Pandemic failures and empty stomachs

Vaccine rollout in the Philippines remains dismal and snail-paced. As of May 30, 3,974,350 have received the first dose of a Covid-19 vaccine, including 1,206,371 who have been fully vaccinated, according to the Department of Health. This means that around forty-four thousand Filipinos receive a shot each day. At this rate, it will take up to seven years till the entire population is vaccinated . Also, mass testing capacity remains stagnant at 50,000 per day. There are no contact tracing protocols and the country seems to go in and out of lockdown with these basic measures unaddressed.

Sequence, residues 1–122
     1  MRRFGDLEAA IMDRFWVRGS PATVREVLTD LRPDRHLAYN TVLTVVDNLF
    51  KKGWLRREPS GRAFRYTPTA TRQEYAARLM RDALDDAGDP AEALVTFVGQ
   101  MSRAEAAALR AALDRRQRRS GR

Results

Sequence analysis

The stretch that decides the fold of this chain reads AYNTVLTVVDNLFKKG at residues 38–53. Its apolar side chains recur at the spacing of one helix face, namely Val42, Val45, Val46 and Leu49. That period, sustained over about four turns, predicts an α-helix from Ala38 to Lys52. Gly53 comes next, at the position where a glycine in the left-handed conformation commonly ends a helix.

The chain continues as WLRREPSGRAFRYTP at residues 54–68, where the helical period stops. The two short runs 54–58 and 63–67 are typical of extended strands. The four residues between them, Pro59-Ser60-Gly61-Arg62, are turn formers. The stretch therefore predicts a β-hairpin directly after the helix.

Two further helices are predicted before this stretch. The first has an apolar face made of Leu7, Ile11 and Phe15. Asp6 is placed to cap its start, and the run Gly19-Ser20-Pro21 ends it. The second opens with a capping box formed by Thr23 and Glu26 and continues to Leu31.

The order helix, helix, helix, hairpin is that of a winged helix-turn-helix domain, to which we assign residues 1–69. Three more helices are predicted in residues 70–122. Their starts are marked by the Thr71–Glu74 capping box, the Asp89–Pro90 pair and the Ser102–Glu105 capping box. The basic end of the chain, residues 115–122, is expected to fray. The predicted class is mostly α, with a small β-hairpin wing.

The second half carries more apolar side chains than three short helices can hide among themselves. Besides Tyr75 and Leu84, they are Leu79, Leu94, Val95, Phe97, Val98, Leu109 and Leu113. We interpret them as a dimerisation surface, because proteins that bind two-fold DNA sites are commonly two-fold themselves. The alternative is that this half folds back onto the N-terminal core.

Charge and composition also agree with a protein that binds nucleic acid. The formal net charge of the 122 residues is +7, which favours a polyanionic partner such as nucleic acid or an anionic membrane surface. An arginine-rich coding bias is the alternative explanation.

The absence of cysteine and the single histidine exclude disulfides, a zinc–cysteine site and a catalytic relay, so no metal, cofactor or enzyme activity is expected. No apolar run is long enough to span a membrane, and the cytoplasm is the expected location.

For low-income Filipinos, economic assistance is a more pressing issue. Hunger is a familiar killer compared with Covid-19. Aid has been scarce and slow as the country grapples with the worst recession since the end of World War II. The last distributed amount was US$20 per family, which took almost two months to hit accounts. Grassroots groups are calling for US$200 worth of aid, as per the government’s monthly standard of living outside poverty. The 10K Ayuda Na (10,000 pesos aid now) Network said, “Congressmen under Duterte should be more concerned with feeding hungry stomachs than propping up police and military. The lower house is eyeing a 54 billion peso increase towards law enforcement at a time when the economy is at its worst.”

Photo Credit: AP / TPG Images
Health workers in protective suits walk after performing swab tests on residents at a village under lockdown to prevent the spread of the coronavirus in Manila, Philippines on Monday, March 15, 2021.